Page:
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MCL Admitted Student Resources

Key Dates

International Student Orientation (Required) 
January 11-13, 2021 

Semester Begins
January 19, 2021

Master of Comparative Law (MCL) Program 2020 - 2021


During the spring 2021 semester, MCL students will take a set of specially identified courses at Emory Law in Atlanta. This curriculum includes:

Spring Semester (January 4 - May 10)

Required Courses

  • Introduction to the U.S. Legal System 2 credits
  • American Legal Writing, Analysis and Research I 2 credits
  • Contracts 3 credits
  • US Culture and Language for Law 1 credit


In addition, students will select one of three sets of electives:

Option 1:
  • Business Associations 3 credits
  • Contract Drafting* 3 credits

*This course must be taken with Business Associations.

Option 2:

  • Constitutional Law 4 credits
  • Alternative Dispute Resolution 3 credits

Option 3:

  • Business Associations 3 credits
  • Alternative Dispute Resolution 3 credits

Summer Semester (May 18-June 24)

Required Courses

  • MCL Capstone: Comparative Law 3 credits
  • US Courts and Advocacy 2 credits

Required Courses

Introduction to the American Legal System

Designed for lawyers trained outside of the United States, the course provides an overview of the constitutional principles, history, and governmental structures that shape the U.S. legal system; the constitutional foundations of the U.S. legal system, including the concepts of separation of powers and federalism; the structure of the state and federal court systems and concepts of jurisdiction; the mechanisms by which the law is assessed and applied by the courts; the role of lawyers and the relationship between law and society; and the primary subject areas of 1st year legal study.

Legal Writing & Research

This course introduces students to the concepts of legal analysis and the techniques and strategies for legal research, as well as the requirements and analytical structures for legal writing in the American common law legal system.

US Culture and Language for Law

This seminar is designed to prepare students for the teaching and learning in US law classes and to give them an opportunity to review the principles of US academic legal discourse. It introduces students to how professors expect them to learn in US law classes, to US written discourse structure, to using and attributing source materials, and reviews English sentence structure, grammar, and mechanics. Students will practice the skills they learn through the development and writing of a short paper.


A study of the basic principles governing the formation, performance, enforcement, and imposition of contractual obligations, and the role of these principles in the ordering processes of society.

Elective Courses

Business Associations

A study of foundational concepts in agency, partnership, and corporation law. Topics include choice of business form, entity formation, organization, financing, and dissolution, as well as the rights and responsibilities of, and the allocation of power among, the business entity's owners/shareholders, management, and other stakeholders. The course also covers closely held enterprises, as well as basic issues in corporate finance and federal securities law. Students will be required to complete regular homework exercises and participate in a group exercise (ungraded) over the course of the semester. (Options 1 or 3)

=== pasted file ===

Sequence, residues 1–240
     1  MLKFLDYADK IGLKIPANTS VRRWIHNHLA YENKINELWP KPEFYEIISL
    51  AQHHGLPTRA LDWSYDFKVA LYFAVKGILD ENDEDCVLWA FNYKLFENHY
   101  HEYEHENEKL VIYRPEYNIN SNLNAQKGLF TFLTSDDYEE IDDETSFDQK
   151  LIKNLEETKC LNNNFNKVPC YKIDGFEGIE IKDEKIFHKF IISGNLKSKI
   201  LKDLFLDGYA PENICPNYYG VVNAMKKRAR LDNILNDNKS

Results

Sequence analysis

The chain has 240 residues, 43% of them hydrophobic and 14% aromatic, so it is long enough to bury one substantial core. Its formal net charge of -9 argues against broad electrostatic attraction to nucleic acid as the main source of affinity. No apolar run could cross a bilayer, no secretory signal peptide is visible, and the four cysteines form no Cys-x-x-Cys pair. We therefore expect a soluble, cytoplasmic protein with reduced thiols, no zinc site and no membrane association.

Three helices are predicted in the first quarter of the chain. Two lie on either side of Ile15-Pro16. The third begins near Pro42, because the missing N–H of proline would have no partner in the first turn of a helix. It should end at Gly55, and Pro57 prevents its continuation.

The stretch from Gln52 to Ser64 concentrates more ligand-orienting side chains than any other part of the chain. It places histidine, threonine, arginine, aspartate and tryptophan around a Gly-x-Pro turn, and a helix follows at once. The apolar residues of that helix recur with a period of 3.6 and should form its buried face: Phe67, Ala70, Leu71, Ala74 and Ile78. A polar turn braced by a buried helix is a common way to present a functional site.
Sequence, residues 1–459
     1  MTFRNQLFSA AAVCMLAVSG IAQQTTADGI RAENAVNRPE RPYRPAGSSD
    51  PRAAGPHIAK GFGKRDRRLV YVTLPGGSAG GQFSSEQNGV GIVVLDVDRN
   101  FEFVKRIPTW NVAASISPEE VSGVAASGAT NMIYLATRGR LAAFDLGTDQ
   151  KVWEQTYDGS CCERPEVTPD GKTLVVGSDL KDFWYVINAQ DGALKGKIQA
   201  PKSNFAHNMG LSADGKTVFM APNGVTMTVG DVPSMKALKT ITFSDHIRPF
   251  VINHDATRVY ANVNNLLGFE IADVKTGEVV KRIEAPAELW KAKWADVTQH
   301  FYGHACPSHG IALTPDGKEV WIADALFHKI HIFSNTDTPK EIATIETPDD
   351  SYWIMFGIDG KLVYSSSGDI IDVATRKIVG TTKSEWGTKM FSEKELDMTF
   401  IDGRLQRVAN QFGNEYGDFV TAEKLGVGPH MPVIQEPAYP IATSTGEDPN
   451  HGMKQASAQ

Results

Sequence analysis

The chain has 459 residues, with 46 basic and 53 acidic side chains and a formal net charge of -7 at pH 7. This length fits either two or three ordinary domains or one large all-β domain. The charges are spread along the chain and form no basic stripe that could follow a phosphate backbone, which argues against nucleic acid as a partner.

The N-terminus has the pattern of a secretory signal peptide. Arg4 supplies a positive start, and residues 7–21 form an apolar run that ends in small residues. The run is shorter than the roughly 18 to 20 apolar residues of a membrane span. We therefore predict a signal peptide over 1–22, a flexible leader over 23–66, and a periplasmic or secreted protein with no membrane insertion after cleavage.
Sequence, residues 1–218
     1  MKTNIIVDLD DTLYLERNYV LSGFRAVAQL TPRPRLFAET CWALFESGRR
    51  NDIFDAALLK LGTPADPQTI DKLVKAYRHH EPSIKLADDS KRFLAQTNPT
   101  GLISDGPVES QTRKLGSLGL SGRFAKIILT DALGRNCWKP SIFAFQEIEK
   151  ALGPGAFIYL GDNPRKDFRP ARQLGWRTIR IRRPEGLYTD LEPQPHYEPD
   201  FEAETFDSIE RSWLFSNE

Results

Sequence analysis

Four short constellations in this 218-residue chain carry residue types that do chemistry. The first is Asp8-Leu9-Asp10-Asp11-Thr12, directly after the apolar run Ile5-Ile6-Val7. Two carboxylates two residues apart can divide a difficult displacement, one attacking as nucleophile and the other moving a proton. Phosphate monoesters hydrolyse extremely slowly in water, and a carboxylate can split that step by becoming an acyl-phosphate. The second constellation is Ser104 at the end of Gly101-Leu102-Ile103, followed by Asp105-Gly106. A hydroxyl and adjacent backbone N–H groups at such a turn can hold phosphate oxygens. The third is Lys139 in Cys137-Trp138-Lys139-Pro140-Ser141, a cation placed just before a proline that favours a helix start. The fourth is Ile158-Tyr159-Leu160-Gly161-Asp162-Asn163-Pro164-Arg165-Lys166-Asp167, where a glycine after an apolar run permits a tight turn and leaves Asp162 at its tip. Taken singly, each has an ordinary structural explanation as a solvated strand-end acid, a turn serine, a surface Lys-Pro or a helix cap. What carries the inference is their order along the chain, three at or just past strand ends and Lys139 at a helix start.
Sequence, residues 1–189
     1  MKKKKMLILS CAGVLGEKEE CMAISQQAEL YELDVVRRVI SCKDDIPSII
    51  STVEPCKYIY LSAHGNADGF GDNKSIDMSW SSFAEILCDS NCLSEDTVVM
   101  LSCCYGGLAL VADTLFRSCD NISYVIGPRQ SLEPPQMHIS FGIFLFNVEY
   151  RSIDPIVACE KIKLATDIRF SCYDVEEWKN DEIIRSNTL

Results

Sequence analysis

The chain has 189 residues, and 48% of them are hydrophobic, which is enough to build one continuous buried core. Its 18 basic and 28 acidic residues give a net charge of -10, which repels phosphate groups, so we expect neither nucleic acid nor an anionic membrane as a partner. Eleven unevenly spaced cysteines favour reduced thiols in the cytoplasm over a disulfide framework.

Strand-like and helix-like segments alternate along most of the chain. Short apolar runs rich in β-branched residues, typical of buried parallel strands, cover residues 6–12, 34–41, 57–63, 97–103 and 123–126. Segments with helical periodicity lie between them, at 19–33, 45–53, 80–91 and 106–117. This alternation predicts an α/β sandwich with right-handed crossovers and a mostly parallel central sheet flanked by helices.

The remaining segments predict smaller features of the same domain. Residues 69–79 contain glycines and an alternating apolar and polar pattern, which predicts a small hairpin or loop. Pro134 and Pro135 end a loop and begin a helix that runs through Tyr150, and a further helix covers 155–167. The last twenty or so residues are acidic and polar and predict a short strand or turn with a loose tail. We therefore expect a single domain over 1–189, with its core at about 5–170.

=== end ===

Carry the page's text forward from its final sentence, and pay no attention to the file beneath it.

Contract Drafting

This course teaches students the principles of drafting commercial agreements. Although the course will be of particular interest to students pursuing a corporate or commercial law career, the concepts are applicable to any transactional practice. In this course, students will learn how transactional lawyers translate the business deal into contract provisions, as well as techniques for minimizing ambiguity and drafting with clarity. Through a combination of lecture, hands-on drafting exercises, and extensive homework assignments, students will learn about different types of contracts, other documents used in commercial transactions, and the drafting problems the contracts and documents present. The course will also focus on how a drafter can add value to a deal by finding, analyzing, and resolving business issues.  (Option 1)

Constitutional Law

An introductory study of the United States Constitution, including judicial review, the powers of Congress, the powers of the president, and the interrelationship of state and national governments. Includes an introduction to individual rights, with emphasis on the operation of the Fourteenth Amendment due process and equal protection clauses. (Option 2)

Alternative Dispute Resolution (ADR)

The study of case law and the formal litigation process and the role it plays in our society is essential to effective lawyering. Yet less than 2% of civil cases are resolved by trial. This experiential course will explore the use of appropriate dispute resolution processes – negotiation, mediation and arbitration and various hybrids – by which most legal conflicts are resolved. The course, taught in an intensive format over three weekends will provide practical skills and experience through a combination of lecture discussion, exercises and simulations to ground students in both ADR theory and practice. (Options 2 or 3)